A Wall Street Journal article from April, 2014 entitled “Downtown San Antonio Gets a Makeover” almost knocked me out of my chair while I read the following line “…developers are aiming to turn San Antonio into a city better known for hip restaurants, a thriving tech scene and a booming downtown property market.” I was born and raised in San Antonio, TX and never in my life would I have thought San Antonio’s downtown would be described this way. Downtown was somewhere locals only trekked to during Fiesta, our annual tradition celebrating our cities distinct culture via large festivals, two parades, and a lot of food. Or if you were an elementary school student visiting the Alamo, must we never forget that tradition either. Our historic downtown was always a novelty item meant only to be consumed by tourists. I had never once considered our downtown to be an actual urban city. This was until The Pearl Brewery site was revitalized.
The site of the Pearl Brewery has been a staple in the North East part of downtown since the late 1800’s when it was first founded as the San Antonio Beer Association which began producing the Pearl Brew. By 1916 it became the largest brewer in Texas but prohibition brought a change in business strategy. The brewery then only produced near beer, bottled sodas, ice cream, and was also a dry cleaning business. Once prohibition ended it renamed the company, Pearl Brewery and went back into full beer production. In 1985 the company was eventually bought out by Pabst Brewing Company but was ultimately shut down in 2001 and the brownfield site was bought by Silver Ventures.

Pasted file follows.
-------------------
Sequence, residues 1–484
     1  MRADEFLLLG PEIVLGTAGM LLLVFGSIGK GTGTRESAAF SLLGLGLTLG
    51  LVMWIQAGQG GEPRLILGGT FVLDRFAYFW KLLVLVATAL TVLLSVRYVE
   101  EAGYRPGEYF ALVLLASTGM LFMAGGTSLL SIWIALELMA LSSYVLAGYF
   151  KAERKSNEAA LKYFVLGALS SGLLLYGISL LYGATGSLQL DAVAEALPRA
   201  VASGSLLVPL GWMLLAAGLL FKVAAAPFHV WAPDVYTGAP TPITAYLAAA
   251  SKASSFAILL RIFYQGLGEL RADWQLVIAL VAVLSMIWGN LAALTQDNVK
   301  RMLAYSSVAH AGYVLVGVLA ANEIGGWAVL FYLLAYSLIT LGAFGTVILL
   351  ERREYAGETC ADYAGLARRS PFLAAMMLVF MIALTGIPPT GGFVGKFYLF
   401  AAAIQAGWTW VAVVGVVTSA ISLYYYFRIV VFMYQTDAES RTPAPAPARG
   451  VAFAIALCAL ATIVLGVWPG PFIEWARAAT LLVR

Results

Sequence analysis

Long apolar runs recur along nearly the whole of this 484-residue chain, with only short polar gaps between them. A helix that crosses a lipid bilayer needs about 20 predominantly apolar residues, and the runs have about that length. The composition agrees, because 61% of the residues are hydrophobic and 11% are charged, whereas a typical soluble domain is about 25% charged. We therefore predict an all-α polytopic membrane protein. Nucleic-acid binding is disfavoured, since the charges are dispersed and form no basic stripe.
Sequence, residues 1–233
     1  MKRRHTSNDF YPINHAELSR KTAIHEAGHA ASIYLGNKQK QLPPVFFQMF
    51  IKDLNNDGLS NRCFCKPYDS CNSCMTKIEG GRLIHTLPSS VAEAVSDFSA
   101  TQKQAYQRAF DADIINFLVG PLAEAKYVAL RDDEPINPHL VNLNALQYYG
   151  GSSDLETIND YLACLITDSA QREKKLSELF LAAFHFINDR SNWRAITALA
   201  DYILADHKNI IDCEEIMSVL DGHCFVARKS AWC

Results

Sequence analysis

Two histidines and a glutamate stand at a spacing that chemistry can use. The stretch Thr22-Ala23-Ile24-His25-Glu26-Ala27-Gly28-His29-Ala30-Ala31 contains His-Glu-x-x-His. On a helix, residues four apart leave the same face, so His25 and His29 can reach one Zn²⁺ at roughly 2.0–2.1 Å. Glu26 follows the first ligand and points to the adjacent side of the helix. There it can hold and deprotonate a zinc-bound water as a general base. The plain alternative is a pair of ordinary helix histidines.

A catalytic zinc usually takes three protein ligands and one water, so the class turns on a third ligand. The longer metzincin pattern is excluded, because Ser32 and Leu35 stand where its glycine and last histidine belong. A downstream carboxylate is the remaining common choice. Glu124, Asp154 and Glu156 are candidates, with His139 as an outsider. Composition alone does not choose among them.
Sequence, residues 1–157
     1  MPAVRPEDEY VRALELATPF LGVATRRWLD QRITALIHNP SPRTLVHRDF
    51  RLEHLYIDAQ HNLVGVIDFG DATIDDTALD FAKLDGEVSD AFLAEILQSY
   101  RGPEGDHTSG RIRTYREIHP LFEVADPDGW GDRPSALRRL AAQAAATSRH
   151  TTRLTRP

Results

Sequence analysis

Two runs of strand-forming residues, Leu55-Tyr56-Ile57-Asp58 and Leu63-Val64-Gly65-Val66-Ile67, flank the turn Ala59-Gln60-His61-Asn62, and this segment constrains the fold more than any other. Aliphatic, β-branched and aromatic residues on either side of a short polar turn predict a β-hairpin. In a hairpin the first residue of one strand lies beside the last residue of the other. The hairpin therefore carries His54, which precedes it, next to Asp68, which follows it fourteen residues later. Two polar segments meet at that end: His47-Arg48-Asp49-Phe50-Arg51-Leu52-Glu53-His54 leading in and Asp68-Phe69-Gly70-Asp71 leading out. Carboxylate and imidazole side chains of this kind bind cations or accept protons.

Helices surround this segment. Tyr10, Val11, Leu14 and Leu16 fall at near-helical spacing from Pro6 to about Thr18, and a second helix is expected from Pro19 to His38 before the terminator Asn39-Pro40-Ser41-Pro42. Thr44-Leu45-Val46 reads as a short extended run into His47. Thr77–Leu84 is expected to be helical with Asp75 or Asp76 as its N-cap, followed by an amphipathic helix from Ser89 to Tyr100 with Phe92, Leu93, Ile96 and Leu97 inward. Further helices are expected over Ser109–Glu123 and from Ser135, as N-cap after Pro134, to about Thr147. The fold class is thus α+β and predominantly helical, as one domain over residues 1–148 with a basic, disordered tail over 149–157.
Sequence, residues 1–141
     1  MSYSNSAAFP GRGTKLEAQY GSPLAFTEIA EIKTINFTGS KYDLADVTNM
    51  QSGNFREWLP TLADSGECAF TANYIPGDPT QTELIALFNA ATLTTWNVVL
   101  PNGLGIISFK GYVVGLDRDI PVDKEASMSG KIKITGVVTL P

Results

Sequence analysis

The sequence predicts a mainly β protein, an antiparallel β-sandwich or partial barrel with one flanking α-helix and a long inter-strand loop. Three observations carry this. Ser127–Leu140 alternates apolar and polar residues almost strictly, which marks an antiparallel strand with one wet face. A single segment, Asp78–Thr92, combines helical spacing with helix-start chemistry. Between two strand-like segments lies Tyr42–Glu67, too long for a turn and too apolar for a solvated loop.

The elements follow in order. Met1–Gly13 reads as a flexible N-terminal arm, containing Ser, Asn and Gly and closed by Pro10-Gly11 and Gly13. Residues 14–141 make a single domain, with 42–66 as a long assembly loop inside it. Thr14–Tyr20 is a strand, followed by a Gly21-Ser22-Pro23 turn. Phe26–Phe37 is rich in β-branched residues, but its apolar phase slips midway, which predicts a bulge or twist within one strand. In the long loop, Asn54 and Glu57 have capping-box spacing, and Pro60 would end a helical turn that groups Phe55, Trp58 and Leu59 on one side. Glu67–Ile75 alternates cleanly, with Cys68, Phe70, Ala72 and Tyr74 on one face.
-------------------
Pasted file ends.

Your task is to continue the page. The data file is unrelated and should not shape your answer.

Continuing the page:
The redevelopment of the site was slow at first with planning beginning in 2002. The first tenant, the Aveda Institute opened in redeveloped gas station in 2006. By 2011 the Pearl boasted the Culinary Institute of America (CIA), a weekend farmers market, a variety of boutique retailers, and restaurants to match. The following year added the Can Plant, 300+ residential units within the brewery grounds making a truly mixed use development and a re-imagined neighborhood in the downtown not just for tourists. The site is also a leader in sustainability, with the Aveda Institute using windtricity electricity, the home of the CIA is LEED Gold Certified along with the Full Goods building which is a learning lab for environmental initiatives such as solar installation. All non-potable water is recycled or captured rainwater and the rebuilding used a significant percentage of recycled existing site content to promote diversion of waste.
The extension of the Riverwalk played a major role in attracting the vibrant mix of retail, entertainment, and jobs to the brewery but the now the brewery is inspiring a lot changes in the area. For instance, car dominated San Antonio is beginning to utilize alternate modes of transportation like the river taxi, The Pearl also has a bike share station due to a new program called B-Cycle, and it is the most walk-able neighborhood of San Antonio. The city also has a 200 million dollar streetcar project in the works that would connect six miles of the downtown. There is also a resurgence of many apartment developers taking derelict industrial buildings and turning them into sought after lofts especially if they are in close proximity to the Pearl and other emerging downtown amenities.
While the developers have made a significant difference for the brewery site in terms of adaptive reuse, they also cemented themselves as leaders of sustainable development practices as the San Antonio downtown is experiencing a renaissance even the locals are noticing.